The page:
By Chuck Crinnian, MD
The crew on the Impact Airlines flight was making their last approach of the day at 03:00 into their home airport. They had configured the aircraft and engaged the autopilot for a coupled ILS. When they flew over the outer marker, the beeping on the audio panel suddenly awakened the captain. He looked over at the co-pilot who was also asleep. A tragedy was avoided, by luck. The worst possible time for our bodies and their daily circadian rhythm is about 03:00.
Fatigue can be a major safety issue in aviation. In addition to circadian rhythm, travel across time zones, poor sleep, poor diet, and pushing the fatigue envelope all will catch up to you in time, with potentially deadly results. The FAA has drafted a notice of proposed rule making on pilot flight duty and rest. It is expected to come out later this year. For us flying under part 91, you need to set your own rest and sleep limits. Know that fatigue is cumulative and coupled with night time, poor nutrition, lack of exercise, and general state of health, the development of the spectrum of inattention to deep sleep can creep up on you. Flying an aircraft is not the time to be “Asleep at the Wheel”.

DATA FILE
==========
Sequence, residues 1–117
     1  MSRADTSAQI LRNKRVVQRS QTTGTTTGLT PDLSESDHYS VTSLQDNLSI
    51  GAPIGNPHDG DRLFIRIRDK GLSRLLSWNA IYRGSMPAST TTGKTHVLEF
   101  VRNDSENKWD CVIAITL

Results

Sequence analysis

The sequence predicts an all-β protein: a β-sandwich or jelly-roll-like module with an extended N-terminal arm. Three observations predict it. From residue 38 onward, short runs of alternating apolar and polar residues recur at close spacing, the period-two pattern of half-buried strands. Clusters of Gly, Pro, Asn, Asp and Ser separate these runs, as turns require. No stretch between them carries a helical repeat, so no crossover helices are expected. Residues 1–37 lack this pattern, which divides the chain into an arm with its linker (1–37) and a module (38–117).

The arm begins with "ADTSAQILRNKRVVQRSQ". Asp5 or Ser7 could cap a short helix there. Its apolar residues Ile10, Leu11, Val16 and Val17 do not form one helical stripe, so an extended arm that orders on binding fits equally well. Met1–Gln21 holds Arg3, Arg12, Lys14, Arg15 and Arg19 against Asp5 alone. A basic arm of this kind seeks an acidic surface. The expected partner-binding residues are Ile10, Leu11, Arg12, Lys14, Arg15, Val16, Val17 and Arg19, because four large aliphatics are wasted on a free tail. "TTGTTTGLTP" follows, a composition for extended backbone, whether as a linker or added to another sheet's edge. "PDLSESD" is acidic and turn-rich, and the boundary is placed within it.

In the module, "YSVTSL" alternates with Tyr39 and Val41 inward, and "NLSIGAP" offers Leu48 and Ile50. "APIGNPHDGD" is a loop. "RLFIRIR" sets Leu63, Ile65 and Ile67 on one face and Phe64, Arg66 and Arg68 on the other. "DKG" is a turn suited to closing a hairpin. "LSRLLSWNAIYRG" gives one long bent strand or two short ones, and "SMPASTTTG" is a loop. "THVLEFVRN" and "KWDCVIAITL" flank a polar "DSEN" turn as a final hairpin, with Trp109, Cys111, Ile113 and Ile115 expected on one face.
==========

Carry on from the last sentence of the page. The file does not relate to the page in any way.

Another well documented medical issue that we see in the pilot population is Obstructive Sleep Apnea (OSA). This affects 7-8% of the general population. It is most linked to body mass index, in other words, obesity. If you are male, the more obese you are, the higher chance for you to have OSA. A push by the FAA is underway for Aviation Medical Examiners to screen for this issue.
High risk criteria for OSA are new onset hypertension (high blood pressure) or hypertension that required two or more medications. Also type II diabetes. Loud snoring is an indicator for OSA. OSA is a major cause of fatigue and daytime sleepiness. It is also linked to heart attack and stroke.
OSA can be effectively treated. In addition to effective weight loss programs, special breathing apparatus can be employed at night. Also, there are some surgical procedures that modify the airway which may eliminate OSA.
Your AME will be screening for OSA in the near future. The FAA medical evaluation system will do so by utilizing a Body Mass Index calculator and asking screening questions to help identify high risk individuals. It is possible that identifying this sleeping killer will prevent the next accident.